Posted By Arthur : May 29, 2017 11:14 am

The actress that played Belle played a similar “Jezebelish” role in CAT PEOPLE which had a similar feel and air as this one.

“When the first wrong was done to the first Indian, I was there. When the first slaver put out for the Congo, I stood on her deck” Reminds me of Mick Jagger’s opening lines in “Sympathy for the Devil.” Could the film in general, and the Devil’s comments in the trial in particular, have inspired it?

Faust, this film, the story it is based on, numerous Twilight Zone episodes and countless similar tales down through the ages all warn that, yes, one may succeed using “other forces” but they will rebound to do you great harm.

Note in the trial the Devil also says, “I am merely an honest American like yourself—and of the best descent—for, to tell the truth Mr. Webster, though I don’t like to boast of it, my name is older in this country than yours.” This is the underside of America, the many mis-deeds brushed under the rug to gain the power. But there’ll be hell to pay, one day. . .

Posted By kingrat : May 29, 2017 12:56 pm

Thank you for pointing out the connection to Regionalist paintings. That really helps put the film in the right context.

Posted By Doug : May 29, 2017 2:21 pm

Before writing this comment I want to state that, although what I say may skirt close to (shudder) politics, I do not want to ‘go there’. This is a film blog, and politicals can go find their own place.
With that said, I write to amuse myself, and years ago I wrote a Faustian/The Devil and Daniel Webster short about ‘Old Scratch’ setting up shop at a Washington DC school Harvest festival two weeks before every Presidential election.
The contending Presidential candidates know that if they want to win, they must visit and strike the best bargain with the Devil.
But the ‘winner’ will pay the greatest price/bear the greatest burden/actually lose.
Not really a political story-more about how much people are willing to pay for success in this world.

Posted By Emgee : May 29, 2017 3:05 pm

@ Arthur: “Reminds me of Mick Jagger’s opening lines in “Sympathy for the Devil.” Could the film in general, and the Devil’s comments in the trial in particular, have inspired it?”

That song was in fact based on the novel The Master and Margarita by by Mikhail Bulgakov, in which the master is indeed the devil.

Posted By EricJ : May 29, 2017 4:16 pm

If you read Benet’s story, it’s really about New England Folklore, and how native New Hampshirans turned the mighty, mighty Daniel Webster into their own local Paul Bunyan.

The problem is, in the story, when he lets loose his champion speech-making powers to bring the evil demon-jury to tears, Benet never tells us WHAT he says. Just generally that he rhapsodized about the sun, and the earth, and all the good things, and, being Webster, his rhetoric melted their hearts like it conquered the Senate.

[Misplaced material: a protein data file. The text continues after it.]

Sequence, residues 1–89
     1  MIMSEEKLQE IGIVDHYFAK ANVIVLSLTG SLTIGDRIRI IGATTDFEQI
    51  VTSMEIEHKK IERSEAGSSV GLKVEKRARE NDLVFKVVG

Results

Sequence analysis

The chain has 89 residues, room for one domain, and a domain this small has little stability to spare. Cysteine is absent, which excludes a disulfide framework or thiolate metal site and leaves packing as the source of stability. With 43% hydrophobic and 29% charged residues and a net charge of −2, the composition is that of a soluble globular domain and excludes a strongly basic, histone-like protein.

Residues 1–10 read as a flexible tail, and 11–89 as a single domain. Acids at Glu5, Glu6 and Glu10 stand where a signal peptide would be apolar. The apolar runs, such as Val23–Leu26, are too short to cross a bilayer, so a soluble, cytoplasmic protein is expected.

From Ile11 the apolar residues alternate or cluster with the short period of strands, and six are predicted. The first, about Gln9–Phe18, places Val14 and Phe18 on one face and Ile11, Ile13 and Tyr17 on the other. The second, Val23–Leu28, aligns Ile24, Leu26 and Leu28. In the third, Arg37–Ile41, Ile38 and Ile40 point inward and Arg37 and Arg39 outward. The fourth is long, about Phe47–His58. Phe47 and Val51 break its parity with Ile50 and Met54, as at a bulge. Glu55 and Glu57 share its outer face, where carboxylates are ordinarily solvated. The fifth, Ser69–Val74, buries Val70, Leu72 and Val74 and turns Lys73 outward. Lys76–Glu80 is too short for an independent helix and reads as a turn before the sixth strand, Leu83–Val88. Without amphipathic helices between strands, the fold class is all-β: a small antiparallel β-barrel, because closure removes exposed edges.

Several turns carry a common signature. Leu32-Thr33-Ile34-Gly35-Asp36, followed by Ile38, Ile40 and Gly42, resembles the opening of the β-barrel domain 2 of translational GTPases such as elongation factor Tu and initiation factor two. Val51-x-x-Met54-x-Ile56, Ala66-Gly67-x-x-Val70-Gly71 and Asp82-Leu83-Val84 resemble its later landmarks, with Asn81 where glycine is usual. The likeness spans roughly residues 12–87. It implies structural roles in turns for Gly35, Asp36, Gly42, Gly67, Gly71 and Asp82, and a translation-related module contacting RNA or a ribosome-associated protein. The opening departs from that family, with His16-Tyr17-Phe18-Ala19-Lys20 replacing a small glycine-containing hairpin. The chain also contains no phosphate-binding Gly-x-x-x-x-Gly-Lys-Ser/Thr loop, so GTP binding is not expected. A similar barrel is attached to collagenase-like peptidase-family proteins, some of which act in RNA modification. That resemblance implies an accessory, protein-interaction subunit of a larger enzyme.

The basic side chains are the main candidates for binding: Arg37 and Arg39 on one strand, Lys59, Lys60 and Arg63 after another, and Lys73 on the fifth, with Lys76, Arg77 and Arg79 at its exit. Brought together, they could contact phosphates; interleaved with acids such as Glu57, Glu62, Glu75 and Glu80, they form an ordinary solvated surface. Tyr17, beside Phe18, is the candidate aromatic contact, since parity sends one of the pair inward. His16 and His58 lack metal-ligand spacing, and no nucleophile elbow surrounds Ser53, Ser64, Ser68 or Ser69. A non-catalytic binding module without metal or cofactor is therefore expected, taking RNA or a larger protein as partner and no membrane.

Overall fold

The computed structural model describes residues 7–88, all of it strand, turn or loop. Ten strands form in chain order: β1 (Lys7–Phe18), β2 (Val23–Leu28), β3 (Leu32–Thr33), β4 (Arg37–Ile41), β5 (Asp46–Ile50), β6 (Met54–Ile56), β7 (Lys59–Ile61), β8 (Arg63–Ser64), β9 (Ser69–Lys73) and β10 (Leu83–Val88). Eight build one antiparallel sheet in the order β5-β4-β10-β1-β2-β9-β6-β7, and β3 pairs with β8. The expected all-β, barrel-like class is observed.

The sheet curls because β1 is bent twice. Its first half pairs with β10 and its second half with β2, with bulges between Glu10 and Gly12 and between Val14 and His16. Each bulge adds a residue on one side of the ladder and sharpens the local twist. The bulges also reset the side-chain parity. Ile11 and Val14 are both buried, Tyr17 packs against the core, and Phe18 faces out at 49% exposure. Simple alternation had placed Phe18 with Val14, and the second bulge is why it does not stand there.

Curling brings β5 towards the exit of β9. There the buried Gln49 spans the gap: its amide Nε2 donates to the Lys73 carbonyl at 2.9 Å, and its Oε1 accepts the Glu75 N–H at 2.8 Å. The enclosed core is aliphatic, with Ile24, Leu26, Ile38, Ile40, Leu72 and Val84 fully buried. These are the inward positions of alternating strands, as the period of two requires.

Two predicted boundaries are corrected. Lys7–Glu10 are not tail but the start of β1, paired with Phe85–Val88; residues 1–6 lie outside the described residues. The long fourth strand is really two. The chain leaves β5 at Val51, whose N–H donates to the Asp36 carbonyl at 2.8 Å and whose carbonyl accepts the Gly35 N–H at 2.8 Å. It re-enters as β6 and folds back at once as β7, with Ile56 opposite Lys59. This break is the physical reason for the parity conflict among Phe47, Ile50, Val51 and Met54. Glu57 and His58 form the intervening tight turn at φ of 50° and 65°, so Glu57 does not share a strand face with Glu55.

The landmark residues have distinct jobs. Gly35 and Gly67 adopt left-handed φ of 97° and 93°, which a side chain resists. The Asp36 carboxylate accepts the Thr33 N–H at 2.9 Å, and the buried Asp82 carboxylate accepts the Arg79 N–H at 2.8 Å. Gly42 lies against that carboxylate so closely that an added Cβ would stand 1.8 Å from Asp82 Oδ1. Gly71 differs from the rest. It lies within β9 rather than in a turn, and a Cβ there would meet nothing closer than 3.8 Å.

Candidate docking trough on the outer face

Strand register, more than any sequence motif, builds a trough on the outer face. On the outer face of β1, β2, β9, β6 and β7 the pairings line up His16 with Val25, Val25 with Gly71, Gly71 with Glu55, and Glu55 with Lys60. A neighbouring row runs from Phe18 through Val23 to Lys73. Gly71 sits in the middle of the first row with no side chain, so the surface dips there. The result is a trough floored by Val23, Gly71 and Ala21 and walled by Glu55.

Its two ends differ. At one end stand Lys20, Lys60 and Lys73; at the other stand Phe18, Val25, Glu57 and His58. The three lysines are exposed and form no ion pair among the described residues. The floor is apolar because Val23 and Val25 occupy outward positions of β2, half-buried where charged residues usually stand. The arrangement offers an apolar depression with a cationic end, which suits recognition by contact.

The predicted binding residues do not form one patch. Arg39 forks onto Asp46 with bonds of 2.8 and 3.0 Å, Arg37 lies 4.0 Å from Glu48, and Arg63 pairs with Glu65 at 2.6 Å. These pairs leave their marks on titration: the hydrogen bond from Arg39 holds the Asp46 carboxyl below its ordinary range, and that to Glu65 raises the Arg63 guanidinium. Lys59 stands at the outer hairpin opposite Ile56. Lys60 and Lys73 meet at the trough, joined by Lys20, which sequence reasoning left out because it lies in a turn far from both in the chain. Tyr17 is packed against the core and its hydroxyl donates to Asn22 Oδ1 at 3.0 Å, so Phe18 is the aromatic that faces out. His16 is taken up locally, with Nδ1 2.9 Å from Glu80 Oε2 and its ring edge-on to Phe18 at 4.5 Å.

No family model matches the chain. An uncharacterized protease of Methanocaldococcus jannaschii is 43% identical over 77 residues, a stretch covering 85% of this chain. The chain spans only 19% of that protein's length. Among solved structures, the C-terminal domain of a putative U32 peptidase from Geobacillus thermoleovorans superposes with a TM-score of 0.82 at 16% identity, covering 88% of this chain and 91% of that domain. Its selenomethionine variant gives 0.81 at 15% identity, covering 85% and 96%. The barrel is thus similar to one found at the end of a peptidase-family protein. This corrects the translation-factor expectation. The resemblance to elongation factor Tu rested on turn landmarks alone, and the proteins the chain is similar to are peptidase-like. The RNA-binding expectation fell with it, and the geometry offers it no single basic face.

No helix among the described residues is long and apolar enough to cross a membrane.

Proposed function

By 1941, though, we DO know what he was talking about, since they have to film it onscreen–We get a speech that Jabez Stone must have his “Freedom!”, at which point we realize the whole darn film was not only meant as WWII folk-Americana, but as hometown morale propaganda as well.
(Not sure if it’s pre-Pearl Harbor isolationist propaganda, where Americans are “luckier to enjoy their freedom” than those poor other sucker countries in Europe, but it’s nothing on the level of “God’s Country” from Babes in Arms.)

We don’t feel “cheated” for it, but it does seem an easy way out.

Posted By Susan Doll : June 4, 2017 1:16 pm

Doug: Thanks for adding the info on the name Jabez. I was wondering where such an unusual name came from.

Posted By robbushblog : June 15, 2017 3:37 pm

Man, I love this movie! I remember seeing Simone Simon as Belle for the first time, and rewinding the scene where she first appears. She is magical and the camera loves her. I was also very happy to find her in THE CAT PEOPLE and CURSE OF THE CAT PEOPLE.

It was quite risque that Jabez leaves his wife in one house, and goes to live with Belle in another, essentially abandoning his family completely. This movie was made in the 1940s! And in the end, he is free and clear. Amazing. Great movie, and Walter Huston is tops. I don’t know how anyone could trust that old goat. He is unsettling.

Posted By Emgee : June 15, 2017 3:43 pm

“She is magical and the camera loves her.”appartently Hollywood didn’t cause she made very few movies there. I heard she was considered as “difficult”.

BTW What happened with the Cat People comments section? Closed for repairs?

Posted By robbushblog : June 15, 2017 3:51 pm

It’s too bad. She was so very cute. And I think we’ve seen all we’re going to see of the CAT PEOPLE comments. It’s too bad. I had the popcorn at the ready.

Posted By Emgee : June 15, 2017 4:00 pm

“the CAT PEOPLE comments.”Wow, those Russians work fast! Or is it Kim?

Posted By robbushblog : June 15, 2017 4:13 pm

Kim don’t play dat.

Posted By Doug : June 15, 2017 5:26 pm

I apologize to any and all if my ‘popcorn’ comment to robbushblog broke the internet.
It was all meant in good fun; until I saw this:
“With FilmStruck and TCM currently celebrating Pride Month,”
I hadn’t realized that Filmstruck and TCM WERE celebrating anything.
I keep going back to promoting the same great movie: “The Loved One” from 1965 but it works for Pride month as it has nearly every well known {closeted} gay actor from the 1960′s showing up-even Liberace!

Posted By funadiq : August 1, 2017 6:06 am

Scene involved Jabes and Mary are the depicted like of melodrama.. Trap on his domestic situation’s as wife, mother and Mary suffering as her husband priority change’s…